I also used PicMonkey to create the actual wedding information text. It was easy to choose a blank template, plop in a fancy frame, choose the font I wanted, and move text around. Then, I just saved it to my computer. When I was ready, I opened a Microsoft Word document, plunked in my saved image, and fit 4 to a page. Then, I printed them off on my printer onto cardstock sheets and cut them to fit.
TIPS FOR SUCCESS:
After I had all my supplies ready (including my envelopes and labels), and after I had my design template ready, I worked the entire project assembly-line style. That way, I could take as long as I needed and still stay organized.
tip #1: I kept everything in piles of 10 throughout the whole process.
tip #2: I cleaned up my area after each section. For example, the intricate die I was using left thousands of tiny pieces EVERYWHERE. So, I just left it all go until the end of that step. Then I cleaned up the area and moved to the next step.
tip #3: A project of this magnitude is almost impossible without a Cricut, a Sizzix Big Shot, or some other die cutting machine. If you don’t own one, borrow one from a friend or check out the links in this post. If you do a lot of crafting, it is a wise and worthwhile investment, honestly.
tip #4: Clear off counter space or set up extra tables for drying room (if needed). I was using Liquid Pearls to add a nice touch to the center of die-cut flowers, and needed LOTS of room to lay out all my invitations to dry. So, I set up tables in my kids’ room, laid out all my invitations, and just went through with the Liquid Pearls dot-by-dot. Then, they were already in a spot to stay put until the dot dried. I found that it only took a few hours to dry fully.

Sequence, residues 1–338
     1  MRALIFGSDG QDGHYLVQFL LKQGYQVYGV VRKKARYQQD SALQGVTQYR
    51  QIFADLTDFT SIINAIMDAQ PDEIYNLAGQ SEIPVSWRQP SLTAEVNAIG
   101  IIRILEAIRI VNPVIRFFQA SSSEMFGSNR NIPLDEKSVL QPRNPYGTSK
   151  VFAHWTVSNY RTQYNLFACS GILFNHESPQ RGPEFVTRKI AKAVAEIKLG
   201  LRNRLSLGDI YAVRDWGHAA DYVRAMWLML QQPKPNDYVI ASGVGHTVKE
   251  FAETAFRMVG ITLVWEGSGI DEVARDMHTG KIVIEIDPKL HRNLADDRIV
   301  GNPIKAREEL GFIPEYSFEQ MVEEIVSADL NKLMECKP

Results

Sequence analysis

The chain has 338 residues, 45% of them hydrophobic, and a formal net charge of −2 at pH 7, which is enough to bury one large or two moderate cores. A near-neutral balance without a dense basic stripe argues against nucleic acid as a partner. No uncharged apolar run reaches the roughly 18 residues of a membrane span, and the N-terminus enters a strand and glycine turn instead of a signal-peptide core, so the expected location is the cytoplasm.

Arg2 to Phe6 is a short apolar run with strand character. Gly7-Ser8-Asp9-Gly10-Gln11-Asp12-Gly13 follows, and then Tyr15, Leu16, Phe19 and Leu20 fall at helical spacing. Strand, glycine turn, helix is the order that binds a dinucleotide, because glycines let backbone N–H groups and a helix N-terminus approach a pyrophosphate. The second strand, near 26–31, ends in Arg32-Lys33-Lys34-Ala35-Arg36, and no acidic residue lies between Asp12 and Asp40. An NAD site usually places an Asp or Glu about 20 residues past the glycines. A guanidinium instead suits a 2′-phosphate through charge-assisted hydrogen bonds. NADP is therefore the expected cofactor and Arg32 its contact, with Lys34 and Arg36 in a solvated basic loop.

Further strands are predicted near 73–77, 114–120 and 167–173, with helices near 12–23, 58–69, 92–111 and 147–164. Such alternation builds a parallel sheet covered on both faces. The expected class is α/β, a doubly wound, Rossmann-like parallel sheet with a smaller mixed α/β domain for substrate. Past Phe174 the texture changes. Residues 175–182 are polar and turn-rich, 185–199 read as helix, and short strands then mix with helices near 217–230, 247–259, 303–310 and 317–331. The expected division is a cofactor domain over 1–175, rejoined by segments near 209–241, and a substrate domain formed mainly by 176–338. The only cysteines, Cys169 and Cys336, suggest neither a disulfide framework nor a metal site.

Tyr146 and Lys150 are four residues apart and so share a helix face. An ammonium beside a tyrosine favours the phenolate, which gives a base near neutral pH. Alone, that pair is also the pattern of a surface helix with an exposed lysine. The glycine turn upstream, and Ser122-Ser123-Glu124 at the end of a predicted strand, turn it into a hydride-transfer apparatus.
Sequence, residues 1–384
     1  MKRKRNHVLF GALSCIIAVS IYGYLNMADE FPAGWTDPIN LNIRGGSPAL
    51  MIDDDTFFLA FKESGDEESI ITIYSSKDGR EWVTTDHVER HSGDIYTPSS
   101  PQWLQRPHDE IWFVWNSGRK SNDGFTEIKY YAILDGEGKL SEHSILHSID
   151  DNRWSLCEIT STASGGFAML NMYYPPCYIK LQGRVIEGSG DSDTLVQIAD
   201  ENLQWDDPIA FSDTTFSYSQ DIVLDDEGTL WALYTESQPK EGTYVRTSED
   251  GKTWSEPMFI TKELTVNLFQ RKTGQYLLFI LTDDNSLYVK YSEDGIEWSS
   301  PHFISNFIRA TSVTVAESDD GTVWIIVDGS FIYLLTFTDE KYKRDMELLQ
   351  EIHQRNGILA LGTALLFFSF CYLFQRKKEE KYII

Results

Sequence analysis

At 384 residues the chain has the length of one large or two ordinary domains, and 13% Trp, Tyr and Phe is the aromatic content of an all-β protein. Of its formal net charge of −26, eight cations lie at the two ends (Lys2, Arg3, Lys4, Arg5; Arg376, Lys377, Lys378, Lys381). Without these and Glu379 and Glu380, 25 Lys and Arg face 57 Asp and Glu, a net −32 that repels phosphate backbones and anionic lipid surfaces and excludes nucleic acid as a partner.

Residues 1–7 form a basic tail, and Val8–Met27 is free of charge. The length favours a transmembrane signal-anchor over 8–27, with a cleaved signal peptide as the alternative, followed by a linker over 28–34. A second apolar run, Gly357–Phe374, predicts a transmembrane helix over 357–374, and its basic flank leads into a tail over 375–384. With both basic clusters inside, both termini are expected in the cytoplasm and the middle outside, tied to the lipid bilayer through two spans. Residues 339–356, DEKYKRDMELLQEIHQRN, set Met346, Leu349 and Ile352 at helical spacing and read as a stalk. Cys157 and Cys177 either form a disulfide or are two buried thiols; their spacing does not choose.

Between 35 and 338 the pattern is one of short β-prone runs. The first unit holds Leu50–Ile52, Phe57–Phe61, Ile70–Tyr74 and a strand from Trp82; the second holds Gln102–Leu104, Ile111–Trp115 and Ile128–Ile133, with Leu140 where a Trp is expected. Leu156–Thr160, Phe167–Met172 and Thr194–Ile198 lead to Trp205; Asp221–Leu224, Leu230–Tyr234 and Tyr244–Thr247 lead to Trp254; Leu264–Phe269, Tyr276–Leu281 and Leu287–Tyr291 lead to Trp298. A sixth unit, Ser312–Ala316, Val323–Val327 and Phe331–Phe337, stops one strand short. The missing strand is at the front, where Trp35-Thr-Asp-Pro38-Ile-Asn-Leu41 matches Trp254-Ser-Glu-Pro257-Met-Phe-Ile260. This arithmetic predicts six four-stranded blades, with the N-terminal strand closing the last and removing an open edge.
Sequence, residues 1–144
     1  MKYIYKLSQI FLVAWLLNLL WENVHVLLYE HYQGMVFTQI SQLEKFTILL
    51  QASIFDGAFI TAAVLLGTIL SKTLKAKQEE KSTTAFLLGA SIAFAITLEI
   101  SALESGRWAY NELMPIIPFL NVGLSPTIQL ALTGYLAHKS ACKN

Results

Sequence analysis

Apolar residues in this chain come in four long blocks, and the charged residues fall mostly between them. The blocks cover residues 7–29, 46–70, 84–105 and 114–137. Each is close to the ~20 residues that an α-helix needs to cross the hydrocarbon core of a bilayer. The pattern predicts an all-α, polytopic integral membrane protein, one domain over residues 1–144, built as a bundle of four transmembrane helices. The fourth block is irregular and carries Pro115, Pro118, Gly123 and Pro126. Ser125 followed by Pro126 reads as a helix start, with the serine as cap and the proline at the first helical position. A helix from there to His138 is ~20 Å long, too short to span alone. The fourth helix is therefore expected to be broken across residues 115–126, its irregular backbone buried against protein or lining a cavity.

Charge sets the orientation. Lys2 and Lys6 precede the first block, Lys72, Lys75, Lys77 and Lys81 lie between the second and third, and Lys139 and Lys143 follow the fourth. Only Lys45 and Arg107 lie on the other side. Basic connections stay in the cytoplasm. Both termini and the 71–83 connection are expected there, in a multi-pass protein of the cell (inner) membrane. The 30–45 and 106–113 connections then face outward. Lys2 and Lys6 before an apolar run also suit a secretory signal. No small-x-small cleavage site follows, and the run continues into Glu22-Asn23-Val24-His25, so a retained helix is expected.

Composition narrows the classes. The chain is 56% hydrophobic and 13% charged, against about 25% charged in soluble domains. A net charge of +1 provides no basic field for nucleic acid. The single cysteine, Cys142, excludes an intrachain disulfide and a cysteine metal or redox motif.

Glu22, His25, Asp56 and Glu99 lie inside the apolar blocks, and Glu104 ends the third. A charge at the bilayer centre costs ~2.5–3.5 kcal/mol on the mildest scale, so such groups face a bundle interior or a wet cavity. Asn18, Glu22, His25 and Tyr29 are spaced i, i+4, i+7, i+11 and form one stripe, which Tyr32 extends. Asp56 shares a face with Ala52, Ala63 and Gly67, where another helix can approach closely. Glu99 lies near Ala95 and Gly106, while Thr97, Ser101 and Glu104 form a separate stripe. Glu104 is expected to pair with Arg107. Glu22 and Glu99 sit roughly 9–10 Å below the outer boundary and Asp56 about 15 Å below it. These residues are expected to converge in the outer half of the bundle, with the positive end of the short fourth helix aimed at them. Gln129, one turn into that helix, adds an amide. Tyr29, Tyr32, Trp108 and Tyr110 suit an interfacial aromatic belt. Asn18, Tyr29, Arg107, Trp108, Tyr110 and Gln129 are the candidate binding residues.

Watch the complete process video HERE:
THINGS I DIDN’T EXPECT:
1. I didn’t anticipate the massive amount of double-sided adhesive tape I would need. I ended up using it to back foam pieces, tiny cardstock strips, and other cardstock panels. If you are going to make your own invitations, I HIGHLY RECOMMEND investing in a strong, double-sided adhesive tape like Super Tacky Tape from Creek Bank Creations. It comes in a big roll and you can lay down cardstock on one sticky side, die cut your shapes or panels, and then just peel off the backing and stick them down. It’s a HUGE time and money saver, plus they offer free shipping on everything.
2. I didn’t expect that the process would take SO LONG! I knew making over 175 invitations would take some time, but it really took a lot longer than I thought. I knew I didn’t have time to completely devote 8 hours a day to this project, but even working on it every day for an hour or two while the TV was on still took like a month. So, I would HIGHLY RECOMMEND either devoting your entire day for like a week to this project, or else plan that it will take you about a month if you are going to only work an hour or two a day. This also depends on the design you are making, but the design I made was a fairly “intermediate” design, and it seemed to take FOREVER.
3. I didn’t expect that it would take up so much physical space. I am fortunate to have an art area in the living room, so I wasn’t worried about space initially. But once this project started, it was really hard to have space to work on anything else. Every inch of space was consumed with this project. Even doing some other basic stamping was put on hold because I literally had no room until the invitations were completely done.
4. I didn’t expect to love my colors or my design at the end of this project! I know it sounds crazy, but I thought that I might be “sick of it” by the end. The truth is that I loved my design and my colors just as much, if not MORE, when I saw the completed pile. I think taking so much preparation time at the beginning helped me love the results MORE at the end!
5. I didn’t expect the inside photo keepsake to be such a HUGE hit! EVERYONE loved getting a nice candid photo beforehand, especially family members who wouldn’t be able to attend the wedding or who had never met me or my fiancee’. And because I used photo corners to secure the photo, it stayed put when the invitation opened up, but it could be removed easily with no sticky residue. The guests loved it!
Hopefully, this helps you decide whether or not you will choose to embark on the journey of creating your own wedding invitations. If you found this post informative, be sure to LIKE and SHARE with your friends. And don’t forget to FOLLOW the Sandpaper Road blog for more crafty posts!